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In the past few years, the need for prison reform in America has reached the level of a consensus. We agree that many prison terms are too long, especially for nonviolent drug offenders; that long-term isolation is a bad idea; and that basic psychiatric and medical care in prisons is woefully inadequate. Some people believe that contracting out prison services to for-profit companies is a recipe for mistreatment. Robert Ferguson argues that these reforms barely scratch the surface of what is wrong with American prisons: an atmosphere of malice and humiliation that subjects prisoners and guards alike to constant degradation. Bolstered by insights from hundreds of letters written by prisoners, Ferguson makes the case for an entirely new concept of prisons and their purpose: an "inner architectonics of reform" that will provide better education for all involved in prisons, more imaginative and careful use of technology, more sophisticated surveillance systems, and better accountability.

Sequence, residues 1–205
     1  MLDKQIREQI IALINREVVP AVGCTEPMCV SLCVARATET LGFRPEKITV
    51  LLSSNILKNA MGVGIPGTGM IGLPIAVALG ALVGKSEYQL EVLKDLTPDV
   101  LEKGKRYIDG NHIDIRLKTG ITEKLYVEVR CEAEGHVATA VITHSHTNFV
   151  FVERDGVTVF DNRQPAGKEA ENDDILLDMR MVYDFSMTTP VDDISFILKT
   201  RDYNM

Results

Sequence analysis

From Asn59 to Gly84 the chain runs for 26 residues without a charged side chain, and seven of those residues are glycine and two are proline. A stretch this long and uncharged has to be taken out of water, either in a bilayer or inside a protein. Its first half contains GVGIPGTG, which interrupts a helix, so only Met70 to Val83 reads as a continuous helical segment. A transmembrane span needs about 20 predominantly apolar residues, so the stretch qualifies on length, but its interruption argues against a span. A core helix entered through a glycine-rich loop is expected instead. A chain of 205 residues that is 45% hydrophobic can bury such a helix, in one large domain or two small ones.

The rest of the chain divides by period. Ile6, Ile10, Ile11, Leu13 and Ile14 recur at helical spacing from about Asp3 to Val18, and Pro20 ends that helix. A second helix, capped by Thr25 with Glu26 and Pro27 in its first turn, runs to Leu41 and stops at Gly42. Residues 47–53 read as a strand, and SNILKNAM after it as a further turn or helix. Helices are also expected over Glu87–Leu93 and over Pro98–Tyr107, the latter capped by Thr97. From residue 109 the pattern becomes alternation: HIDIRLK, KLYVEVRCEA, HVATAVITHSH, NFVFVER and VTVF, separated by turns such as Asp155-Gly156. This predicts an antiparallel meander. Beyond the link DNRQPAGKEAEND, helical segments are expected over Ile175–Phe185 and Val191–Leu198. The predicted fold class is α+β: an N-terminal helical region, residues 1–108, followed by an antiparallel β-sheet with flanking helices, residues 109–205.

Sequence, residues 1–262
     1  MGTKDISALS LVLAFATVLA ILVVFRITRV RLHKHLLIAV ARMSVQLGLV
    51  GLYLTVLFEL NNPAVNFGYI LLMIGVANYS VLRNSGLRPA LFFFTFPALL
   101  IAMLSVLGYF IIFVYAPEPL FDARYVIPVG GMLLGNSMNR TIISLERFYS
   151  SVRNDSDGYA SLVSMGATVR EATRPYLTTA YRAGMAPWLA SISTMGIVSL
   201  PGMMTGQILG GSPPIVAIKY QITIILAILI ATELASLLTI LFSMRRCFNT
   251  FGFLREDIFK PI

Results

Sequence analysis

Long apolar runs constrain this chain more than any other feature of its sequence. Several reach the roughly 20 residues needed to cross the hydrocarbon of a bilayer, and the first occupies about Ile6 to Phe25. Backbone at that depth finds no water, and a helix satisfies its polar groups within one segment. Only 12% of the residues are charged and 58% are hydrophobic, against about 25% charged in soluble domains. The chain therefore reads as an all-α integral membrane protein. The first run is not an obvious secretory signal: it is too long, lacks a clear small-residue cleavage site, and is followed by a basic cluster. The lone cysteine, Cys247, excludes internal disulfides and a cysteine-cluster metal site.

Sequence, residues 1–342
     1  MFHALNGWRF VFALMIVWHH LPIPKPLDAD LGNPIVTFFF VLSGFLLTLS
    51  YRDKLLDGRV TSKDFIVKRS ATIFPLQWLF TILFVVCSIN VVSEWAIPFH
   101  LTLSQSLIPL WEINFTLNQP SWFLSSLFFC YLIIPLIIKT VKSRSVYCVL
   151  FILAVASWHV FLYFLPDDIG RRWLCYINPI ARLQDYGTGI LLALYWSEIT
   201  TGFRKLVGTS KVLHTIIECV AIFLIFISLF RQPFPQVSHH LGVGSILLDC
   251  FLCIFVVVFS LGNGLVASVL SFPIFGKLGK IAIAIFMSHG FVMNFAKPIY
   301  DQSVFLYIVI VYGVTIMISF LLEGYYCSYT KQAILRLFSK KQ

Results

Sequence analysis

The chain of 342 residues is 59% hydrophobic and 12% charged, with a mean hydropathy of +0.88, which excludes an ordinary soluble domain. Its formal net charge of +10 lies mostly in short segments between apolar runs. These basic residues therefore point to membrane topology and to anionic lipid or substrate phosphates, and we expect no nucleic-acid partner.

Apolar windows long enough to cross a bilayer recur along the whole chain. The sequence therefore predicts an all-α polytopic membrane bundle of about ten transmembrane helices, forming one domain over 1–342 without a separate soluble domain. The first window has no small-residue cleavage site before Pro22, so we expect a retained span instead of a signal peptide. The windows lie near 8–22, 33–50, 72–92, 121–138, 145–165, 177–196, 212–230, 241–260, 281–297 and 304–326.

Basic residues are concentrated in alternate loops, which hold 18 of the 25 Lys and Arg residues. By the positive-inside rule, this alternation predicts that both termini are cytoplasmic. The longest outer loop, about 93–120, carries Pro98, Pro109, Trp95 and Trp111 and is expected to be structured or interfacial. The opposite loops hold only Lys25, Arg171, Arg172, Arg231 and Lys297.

More than one-third of adults in the United States are obese. The Centers for Disease Control and Prevention estimates that there are over 112,000 obesity-related deaths annually, and for many years, the government has waged a very public war on the problem. Former Surgeon General Richard Carmona warned in 2006 that "obesity is the terror within," going so far as to call it a threat that will "dwarf 9/11." What doesn't get mentioned in all this? The fact that the federal government helped create the obesity crisis in the first place--especially where it is strikingly acute, among urban African-American communities. Supersizing Urban America reveals the little-known story of how the U.S. government got into the business of encouraging fast food in inner cities, with unforeseen consequences we are only beginning to understand. Chin Jou begins her story in the late 1960s, when predominantly African-American neighborhoods went from having no fast food chain restaurants to being littered with them. She uncovers the federal policies that have helped to subsidize that expansion, including loan guarantees to fast food franchisees, programs intended to promote minority entrepreneurship, and urban revitalization initiatives. During this time, fast food companies also began to relentlessly market to urban African-American consumers. An unintended consequence of these developments was that low-income minority communities were disproportionately affected by the obesity epidemic. In the first book about the U.S. government's problematic role in promoting fast food in inner-city America, Jou tells a riveting story of the food industry, obesity, and race relations in America that is essential to understanding health and obesity in contemporary urban America.